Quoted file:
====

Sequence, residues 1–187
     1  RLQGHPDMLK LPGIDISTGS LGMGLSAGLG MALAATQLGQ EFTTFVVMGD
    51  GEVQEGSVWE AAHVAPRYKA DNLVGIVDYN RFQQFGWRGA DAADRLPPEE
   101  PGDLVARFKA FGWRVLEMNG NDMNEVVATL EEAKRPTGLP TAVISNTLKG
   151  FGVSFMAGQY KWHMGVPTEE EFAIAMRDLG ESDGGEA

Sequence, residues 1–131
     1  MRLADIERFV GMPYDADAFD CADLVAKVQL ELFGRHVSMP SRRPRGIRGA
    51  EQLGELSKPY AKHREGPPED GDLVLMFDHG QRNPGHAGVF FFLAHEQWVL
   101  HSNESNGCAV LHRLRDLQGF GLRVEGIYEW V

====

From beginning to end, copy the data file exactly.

Sequence, residues 1–187
     1  RLQGHPDMLK LPGIDISTGS LGMGLSAGLG MALAATQLGQ EFTTFVVMGD
    51  GEVQEGSVWE AAHVAPRYKA DNLVGIVDYN RFQQFGWRGA DAADRLPPEE
   101  PGDLVARFKA FGWRVLEMNG NDMNEVVATL EEAKRPTGLP TAVISNTLKG
   151  FGVSFMAGQY KWHMGVPTEE EFAIAMRDLG ESDGGEA

Sequence, residues 1–131
     1  MRLADIERFV GMPYDADAFD CADLVAKVQL ELFGRHVSMP SRRPRGIRGA
    51  EQLGELSKPY AKHREGPPED GDLVLMFDHG QRNPGHAGVF FFLAHEQWVL
   101  HSNESNGCAV LHRLRDLQGF GLRVEGIYEW V